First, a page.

Build civilization of love, pope tells youths

Pontiff addresses 500,000 at evening prayer service

July 28, 2002|By John Rivera | John Rivera,SUN STAFF

TORONTO - Calling the terrorist attacks of Sept. 11 an "icon of a world in which hostility and hatred seem to prevail," Pope John Paul II challenged the world's youth last night to be "a new generation of builders" who will construct a civilization of love.

Speaking to more than a half-million Catholics participating in World Youth Day, during an evening prayer service featuring multilingual prayers and chanted psalms, the pope repeated a theme that has echoed throughout his two-decade papacy: Reject godless materialism and embrace a life of the spirit.

"Is it right to be content with provisional answers to the ultimate questions, and to abandon life to the impulses of instinct, to short-lived sensations or passing fads?" the pope asked. "The question will not go away: On what foundations, on what certainties should we build our lives and the life of the community to which we belong?"

Reading from a text in English and French, the official languages of the host country, John Paul exhorted the youth to become builders "of the city of God within the city of man."

"The future is in your hearts and in your hands," the pope said. "God is entrusting to you the task, at once difficult and uplifting, of working with him in the building of the civilization of love."

The pontiff flew in from his Strawberry Island retreat, about 60 miles north of Toronto, by helicopter to a former airfield where a sea of humanity waving flags from all corners of the globe had gathered throughout the day.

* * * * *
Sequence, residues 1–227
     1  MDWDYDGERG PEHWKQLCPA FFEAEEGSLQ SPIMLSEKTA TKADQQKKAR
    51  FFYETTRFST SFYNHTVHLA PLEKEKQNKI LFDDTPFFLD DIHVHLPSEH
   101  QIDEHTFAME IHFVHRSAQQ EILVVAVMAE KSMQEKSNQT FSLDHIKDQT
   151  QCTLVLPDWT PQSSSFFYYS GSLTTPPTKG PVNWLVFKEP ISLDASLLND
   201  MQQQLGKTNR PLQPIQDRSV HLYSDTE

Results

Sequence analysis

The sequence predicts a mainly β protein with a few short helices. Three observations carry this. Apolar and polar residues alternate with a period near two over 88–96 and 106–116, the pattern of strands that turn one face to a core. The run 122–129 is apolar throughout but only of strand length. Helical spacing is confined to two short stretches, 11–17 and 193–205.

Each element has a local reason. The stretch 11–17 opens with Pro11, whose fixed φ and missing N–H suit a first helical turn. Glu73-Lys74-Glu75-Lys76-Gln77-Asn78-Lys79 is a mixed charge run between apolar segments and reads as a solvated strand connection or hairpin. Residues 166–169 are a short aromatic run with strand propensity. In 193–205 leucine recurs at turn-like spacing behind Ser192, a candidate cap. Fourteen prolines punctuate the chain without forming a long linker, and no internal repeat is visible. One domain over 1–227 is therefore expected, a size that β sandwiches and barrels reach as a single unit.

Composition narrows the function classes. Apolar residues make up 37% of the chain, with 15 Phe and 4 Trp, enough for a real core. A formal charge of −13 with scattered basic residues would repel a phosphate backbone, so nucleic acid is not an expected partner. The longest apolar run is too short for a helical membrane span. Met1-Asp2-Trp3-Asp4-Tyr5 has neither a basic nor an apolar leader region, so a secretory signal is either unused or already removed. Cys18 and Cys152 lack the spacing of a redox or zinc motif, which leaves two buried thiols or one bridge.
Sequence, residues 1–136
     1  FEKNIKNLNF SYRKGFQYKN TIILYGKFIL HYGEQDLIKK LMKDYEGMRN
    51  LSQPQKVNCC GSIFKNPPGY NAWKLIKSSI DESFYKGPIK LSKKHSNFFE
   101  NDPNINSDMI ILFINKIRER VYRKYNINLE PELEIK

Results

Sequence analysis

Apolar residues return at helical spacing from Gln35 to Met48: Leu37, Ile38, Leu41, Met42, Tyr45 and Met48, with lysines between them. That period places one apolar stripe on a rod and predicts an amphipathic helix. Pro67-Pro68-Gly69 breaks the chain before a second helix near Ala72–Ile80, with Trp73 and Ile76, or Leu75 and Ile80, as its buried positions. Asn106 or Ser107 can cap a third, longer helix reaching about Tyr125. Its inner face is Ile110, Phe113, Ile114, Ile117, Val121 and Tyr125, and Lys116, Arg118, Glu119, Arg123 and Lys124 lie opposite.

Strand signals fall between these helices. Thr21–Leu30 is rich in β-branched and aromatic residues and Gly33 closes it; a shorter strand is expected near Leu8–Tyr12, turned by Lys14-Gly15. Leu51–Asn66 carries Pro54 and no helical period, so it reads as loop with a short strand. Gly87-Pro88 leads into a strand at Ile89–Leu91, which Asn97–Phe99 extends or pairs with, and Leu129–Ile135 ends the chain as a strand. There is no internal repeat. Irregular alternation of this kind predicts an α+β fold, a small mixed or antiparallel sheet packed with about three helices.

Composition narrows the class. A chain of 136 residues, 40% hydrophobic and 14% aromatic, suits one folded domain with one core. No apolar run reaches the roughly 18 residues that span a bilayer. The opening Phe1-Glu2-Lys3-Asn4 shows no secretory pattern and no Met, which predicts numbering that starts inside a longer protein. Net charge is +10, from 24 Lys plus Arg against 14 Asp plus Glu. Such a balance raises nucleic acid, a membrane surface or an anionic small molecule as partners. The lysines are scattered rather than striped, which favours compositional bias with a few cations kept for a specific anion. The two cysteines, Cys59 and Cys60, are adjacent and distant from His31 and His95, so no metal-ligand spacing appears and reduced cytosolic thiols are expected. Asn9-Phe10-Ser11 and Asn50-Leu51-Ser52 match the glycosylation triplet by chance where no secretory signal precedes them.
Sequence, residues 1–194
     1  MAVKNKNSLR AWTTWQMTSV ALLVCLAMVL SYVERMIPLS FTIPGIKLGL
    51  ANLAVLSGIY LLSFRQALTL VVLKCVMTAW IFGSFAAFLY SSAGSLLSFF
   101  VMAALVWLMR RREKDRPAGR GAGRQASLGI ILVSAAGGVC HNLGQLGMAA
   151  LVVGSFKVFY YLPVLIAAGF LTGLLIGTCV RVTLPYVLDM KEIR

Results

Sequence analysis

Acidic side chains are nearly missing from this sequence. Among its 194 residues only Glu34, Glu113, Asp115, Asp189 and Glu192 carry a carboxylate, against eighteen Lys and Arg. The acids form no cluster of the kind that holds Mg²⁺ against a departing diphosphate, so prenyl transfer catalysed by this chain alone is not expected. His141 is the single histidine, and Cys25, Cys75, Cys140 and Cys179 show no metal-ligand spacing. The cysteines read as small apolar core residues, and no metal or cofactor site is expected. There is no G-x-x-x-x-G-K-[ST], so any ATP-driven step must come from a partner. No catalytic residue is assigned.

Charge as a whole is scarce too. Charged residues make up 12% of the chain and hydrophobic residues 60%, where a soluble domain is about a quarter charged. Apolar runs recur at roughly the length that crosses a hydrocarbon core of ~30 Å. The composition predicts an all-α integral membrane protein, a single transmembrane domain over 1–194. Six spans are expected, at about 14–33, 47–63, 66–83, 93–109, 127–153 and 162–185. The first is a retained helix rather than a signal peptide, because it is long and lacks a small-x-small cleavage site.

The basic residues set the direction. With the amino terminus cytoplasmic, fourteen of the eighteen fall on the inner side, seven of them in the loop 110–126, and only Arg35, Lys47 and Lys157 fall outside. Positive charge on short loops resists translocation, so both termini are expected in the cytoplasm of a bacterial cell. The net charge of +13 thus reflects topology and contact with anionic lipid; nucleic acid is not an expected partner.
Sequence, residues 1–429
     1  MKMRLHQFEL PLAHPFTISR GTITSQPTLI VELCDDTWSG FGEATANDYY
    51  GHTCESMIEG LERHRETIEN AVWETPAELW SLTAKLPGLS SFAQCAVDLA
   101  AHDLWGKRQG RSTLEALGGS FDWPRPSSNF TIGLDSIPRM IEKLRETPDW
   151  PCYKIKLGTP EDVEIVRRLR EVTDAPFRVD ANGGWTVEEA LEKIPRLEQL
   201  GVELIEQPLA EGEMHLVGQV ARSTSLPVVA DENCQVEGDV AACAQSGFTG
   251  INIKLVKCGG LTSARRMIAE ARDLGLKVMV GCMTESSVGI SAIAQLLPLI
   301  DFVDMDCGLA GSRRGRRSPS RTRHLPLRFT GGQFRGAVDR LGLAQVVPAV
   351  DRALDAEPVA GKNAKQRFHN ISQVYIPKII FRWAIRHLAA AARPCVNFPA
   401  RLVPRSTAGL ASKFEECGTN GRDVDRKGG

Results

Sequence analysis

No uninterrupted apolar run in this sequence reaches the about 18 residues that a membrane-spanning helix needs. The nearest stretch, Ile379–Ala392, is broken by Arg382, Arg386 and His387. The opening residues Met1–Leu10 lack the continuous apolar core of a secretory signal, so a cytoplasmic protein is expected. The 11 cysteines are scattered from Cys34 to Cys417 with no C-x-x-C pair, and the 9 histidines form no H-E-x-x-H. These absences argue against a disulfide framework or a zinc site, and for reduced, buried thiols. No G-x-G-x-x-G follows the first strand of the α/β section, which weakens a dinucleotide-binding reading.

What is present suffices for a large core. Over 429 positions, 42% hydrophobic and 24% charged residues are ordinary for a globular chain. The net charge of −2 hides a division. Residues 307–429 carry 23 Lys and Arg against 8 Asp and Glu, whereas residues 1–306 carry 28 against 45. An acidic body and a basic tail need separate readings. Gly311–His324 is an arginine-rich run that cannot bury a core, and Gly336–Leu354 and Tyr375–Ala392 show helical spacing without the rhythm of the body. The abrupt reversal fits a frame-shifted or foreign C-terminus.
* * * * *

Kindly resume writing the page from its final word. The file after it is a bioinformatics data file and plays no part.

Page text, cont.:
John Paul waved at the leaping, shouting people along the route of his "popemobile" as it made its way to a huge stage adorned with a 160-foot yellow cross visible for miles. Among those in the crowd was Prime Minister Jean Chretien.

"The enthusiasm and joy that you are showing are a sure sign of your love for the Lord, and of your desire to serve him in the church and in your brothers and sisters," the pope said in his opening greeting, his voice strong and clear despite symptoms of Parkinson's disease and other health problems.

Singing songs and carrying what they needed to spend the night outdoors, crowd members jammed streets in north Toronto to get to the concrete expanse at Downsview Park.

Lisa Hieronymus, 27, of New York City said the huge numbers bolstered the faith of those gathering here as the Roman Catholic Church tries to emerge from the sex-abuse scandals in the United States.

"It's not every day that you get to experience this kind of solidarity," she said. "A lot of people were shaken, and a lot people woke up. This sort of event will help the pope in the long run."

A Mass today in the park will conclude nearly a week of activities marking World Youth Day, an event inaugurated by John Paul in 1985. More than 200,000 young Catholics from 170 nations registered this year, a decline from previous years. Organizers expect up to 1 million people at today's Mass.

The Associated Press contributed to this article.

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